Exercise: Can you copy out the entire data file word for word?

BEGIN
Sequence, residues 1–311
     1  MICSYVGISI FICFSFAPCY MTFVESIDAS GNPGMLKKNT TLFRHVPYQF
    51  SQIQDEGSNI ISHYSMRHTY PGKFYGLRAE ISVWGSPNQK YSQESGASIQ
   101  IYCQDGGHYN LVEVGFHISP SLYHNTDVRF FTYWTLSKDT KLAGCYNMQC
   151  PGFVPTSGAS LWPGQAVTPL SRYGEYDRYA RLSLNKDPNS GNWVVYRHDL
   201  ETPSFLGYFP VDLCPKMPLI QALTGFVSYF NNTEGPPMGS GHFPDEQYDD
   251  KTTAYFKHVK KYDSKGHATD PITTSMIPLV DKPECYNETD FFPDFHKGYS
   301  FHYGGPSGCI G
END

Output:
Sequence, residues 1–311
     1  MICSYVGISI FICFSFAPCY MTFVESIDAS GNPGMLKKNT TLFRHVPYQF
    51  SQIQDEGSNI ISHYSMRHTY PGKFYGLRAE ISVWGSPNQK YSQESGASIQ
   101  IYCQDGGHYN LVEVGFHISP SLYHNTDVRF FTYWTLSKDT KLAGCYNMQC
   151  PGFVPTSGAS LWPGQAVTPL SRYGEYDRYA RLSLNKDPNS GNWVVYRHDL
   201  ETPSFLGYFP VDLCPKMPLI QALTGFVSYF NNTEGPPMGS GHFPDEQYDD
   251  KTTAYFKHVK KYDSKGHATD PITTSMIPLV DKPECYNETD FFPDFHKGYS
   301  FHYGGPSGCI G